“It’s a totally new way of thinking,” Doyle
said. “We want to show that UNL is serious
about showing concerts with big-lime acts.”
Doyle listed such acts as Elton John, Guns
‘N’ Roses and The Black Crowes as targets for
future UPC efforts. The musical group Sawyer.
Brown already has agreed to play at UNL, he
UPC currently has about 20 specialized
subcommittees that serve the 25 special-inter
est groups UPC works with, Doyle said.
‘The idea was that the committees would
work well together,” he said. “But the work was
very task-specific. People were getting bored
with the similarity of the jobs.”
The result, Doyle said, was loss of member
ship in the subcommittees. Fourteen subcom
mittee chairs resigned in the last year.
Something needed to be done, Doyle said.
“Either something was wrong with me or
with the structure of UPC as a whole,” he said.
“In the formal that we have it in now, being
on or running a committee is a year-round
commitment. A lot of students can’t do that,” he
said. “With this consolidation, we hope to get
more students involved.”
With the reorganization, UPC’s separate
committees have been eliminated. Program
selections would be made by event directors
and executives during meetings where all pos
sible performers would be presented and evalu
ated by the committee.
Doyle said when the proposal was first pul in
front of the current UPC members, some minor
ity groups feared their interests would not be
UPC on 6
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Housing office to implement ban, official says
By Mindy Loiter
Members of the Residence
Hall Association weren’t
just blowing smoke when
' they introduced a resolution that
would ban smoking in residence hall
food service areas.
RHA members are waiting for the
Officeof University Housing to acton
the resolution. They shouldn’ thave to
wait long, said one University of Ne
RHA resolution would prohibit smoking in food service areas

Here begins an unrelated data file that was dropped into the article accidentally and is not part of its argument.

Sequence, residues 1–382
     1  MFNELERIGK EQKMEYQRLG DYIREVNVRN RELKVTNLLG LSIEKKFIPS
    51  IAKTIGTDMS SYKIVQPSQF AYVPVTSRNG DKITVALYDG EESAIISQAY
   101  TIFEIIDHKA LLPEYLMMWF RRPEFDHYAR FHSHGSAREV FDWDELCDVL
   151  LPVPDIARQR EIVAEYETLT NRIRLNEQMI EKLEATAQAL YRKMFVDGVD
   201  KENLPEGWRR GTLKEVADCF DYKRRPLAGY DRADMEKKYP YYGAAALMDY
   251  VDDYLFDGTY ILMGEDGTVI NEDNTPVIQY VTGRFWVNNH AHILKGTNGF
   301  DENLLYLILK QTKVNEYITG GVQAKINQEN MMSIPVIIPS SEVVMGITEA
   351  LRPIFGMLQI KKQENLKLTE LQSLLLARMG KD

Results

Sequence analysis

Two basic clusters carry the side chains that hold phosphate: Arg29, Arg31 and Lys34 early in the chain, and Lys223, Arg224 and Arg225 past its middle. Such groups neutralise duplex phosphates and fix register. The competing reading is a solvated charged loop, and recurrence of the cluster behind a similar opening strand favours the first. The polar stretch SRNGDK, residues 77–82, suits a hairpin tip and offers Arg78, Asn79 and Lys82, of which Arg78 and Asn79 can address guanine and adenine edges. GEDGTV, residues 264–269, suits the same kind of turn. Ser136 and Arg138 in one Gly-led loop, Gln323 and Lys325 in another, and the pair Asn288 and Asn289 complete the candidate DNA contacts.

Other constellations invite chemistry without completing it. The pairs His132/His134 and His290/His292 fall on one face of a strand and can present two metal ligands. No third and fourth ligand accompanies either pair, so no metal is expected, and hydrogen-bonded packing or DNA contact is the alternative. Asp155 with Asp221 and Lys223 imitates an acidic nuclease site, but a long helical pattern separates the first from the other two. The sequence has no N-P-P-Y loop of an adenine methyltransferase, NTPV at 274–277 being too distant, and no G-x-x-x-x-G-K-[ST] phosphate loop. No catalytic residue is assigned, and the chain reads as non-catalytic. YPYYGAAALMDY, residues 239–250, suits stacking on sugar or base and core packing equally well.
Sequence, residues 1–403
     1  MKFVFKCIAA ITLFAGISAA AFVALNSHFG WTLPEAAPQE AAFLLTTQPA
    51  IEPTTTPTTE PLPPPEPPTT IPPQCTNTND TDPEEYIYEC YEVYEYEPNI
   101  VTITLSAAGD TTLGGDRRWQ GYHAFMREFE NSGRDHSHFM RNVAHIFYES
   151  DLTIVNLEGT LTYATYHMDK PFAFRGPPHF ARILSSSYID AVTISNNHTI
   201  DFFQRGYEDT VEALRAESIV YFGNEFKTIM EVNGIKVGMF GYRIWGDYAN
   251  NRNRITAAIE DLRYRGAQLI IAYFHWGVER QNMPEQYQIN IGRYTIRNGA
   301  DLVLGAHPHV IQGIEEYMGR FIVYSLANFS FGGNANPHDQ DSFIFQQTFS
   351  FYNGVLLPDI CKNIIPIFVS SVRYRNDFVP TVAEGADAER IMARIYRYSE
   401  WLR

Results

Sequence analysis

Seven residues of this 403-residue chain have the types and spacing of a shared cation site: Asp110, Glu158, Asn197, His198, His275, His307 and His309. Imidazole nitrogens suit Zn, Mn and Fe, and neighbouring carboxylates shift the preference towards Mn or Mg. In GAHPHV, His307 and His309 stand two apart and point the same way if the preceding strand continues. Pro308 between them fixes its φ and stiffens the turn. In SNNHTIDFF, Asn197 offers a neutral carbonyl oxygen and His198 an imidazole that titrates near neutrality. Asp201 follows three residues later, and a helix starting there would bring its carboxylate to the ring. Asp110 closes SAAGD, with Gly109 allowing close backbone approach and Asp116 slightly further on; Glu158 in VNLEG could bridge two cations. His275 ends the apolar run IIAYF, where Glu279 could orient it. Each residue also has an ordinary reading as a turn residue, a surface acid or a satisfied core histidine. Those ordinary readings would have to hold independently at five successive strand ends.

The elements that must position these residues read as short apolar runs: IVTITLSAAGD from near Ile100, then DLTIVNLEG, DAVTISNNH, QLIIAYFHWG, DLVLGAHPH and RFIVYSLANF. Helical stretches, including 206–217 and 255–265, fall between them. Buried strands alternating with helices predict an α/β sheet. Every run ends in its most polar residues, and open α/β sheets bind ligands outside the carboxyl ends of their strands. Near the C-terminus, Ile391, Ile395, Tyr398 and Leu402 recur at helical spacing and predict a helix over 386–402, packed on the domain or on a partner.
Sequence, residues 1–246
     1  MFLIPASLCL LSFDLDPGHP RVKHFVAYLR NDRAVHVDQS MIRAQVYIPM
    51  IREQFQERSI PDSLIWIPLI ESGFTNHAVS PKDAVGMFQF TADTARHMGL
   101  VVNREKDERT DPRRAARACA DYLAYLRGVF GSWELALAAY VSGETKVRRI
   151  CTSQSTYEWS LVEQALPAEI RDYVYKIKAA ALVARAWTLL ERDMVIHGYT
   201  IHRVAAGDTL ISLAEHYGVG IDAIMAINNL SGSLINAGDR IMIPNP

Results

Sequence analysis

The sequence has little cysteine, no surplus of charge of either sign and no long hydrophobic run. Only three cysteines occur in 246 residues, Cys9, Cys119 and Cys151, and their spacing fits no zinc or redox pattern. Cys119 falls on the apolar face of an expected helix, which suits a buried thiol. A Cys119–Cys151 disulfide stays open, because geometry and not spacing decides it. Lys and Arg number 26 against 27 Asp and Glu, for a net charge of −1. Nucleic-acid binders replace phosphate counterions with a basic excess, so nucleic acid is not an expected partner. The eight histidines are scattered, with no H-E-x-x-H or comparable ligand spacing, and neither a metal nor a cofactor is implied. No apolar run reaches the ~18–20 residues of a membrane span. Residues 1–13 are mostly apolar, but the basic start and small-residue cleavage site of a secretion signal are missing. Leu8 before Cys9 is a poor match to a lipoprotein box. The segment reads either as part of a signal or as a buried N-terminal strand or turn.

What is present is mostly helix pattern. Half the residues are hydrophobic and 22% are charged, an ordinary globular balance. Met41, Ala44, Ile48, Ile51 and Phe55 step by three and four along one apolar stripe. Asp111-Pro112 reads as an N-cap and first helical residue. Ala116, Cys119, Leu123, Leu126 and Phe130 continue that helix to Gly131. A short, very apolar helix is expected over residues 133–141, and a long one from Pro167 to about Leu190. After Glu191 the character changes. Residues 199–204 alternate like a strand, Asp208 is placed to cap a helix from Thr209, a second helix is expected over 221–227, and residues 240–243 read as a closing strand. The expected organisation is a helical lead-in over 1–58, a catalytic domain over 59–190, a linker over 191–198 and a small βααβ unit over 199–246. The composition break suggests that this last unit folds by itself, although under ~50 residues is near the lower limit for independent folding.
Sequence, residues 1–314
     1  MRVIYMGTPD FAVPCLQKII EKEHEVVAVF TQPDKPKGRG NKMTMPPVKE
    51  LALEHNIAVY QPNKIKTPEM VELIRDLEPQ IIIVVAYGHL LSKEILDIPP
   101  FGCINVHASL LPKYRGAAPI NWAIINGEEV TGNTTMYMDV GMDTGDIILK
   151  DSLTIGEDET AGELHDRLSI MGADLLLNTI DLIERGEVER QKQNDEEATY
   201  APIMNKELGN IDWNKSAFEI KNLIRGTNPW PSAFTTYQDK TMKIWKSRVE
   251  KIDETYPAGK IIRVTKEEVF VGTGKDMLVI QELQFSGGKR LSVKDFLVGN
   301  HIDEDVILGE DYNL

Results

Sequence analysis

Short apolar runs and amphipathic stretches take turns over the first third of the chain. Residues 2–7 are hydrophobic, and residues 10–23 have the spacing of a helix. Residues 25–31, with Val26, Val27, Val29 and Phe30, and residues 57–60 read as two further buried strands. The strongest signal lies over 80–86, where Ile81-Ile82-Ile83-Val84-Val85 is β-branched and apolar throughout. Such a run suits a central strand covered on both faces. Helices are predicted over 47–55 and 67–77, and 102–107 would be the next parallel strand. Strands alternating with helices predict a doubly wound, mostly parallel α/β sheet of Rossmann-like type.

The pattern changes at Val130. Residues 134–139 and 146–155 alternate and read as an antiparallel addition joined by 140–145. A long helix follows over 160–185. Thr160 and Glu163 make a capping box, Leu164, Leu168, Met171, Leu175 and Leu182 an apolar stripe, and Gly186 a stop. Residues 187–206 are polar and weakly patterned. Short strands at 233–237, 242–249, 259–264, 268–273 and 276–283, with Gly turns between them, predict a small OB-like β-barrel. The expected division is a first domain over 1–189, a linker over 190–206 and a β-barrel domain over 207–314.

Doug Zatcchka, director of the
Office of University Housing, said his
department would be working with
RHA to implement the smoking ban.
He said he hoped to have the ban in
effect by the 1994-95 academic year.
“I have supported RHA in the reso
lution and tried to provide advice,”
A smoker himself, Zatcchka said
he supported the ban in residence hall
cafeterias because it would protect
the rights of non-smokers in the caf
Zatechka said the current campus
smoking policy restricts smoking to
smoking lounges and private offices
In the residence halls, students may
smoke in lounges, in their rooms and
in smoking sections of the cafeteria,
Heath Kramer, the RHA member
with a resolution passed by the Asso
ciauon oi atuoenis oi uie university
of Nebraska that would ban smoking
in all UNL buildings.
Kramer said the RHA resolution
was necessary because AS UN’s reso
lution, which still needs approval from
the NU Board of Regents, would not
cover residence halls.
Both resolutions were based on
reports released by the Environmen
tal Protection Agency that described
the health hazards of secondhand
“In Harper-Schramm-Smith, the
smoking area is wide open and smoke
travels to the non-smoking areas,”
“It is an infringement on the non
smokers’ rights to have to walk
through smoking areas,” Kramer said.
He said the resolution would allow
students to continue to smoke in their
rooms, but would further restrict smok
See SMOKING on 6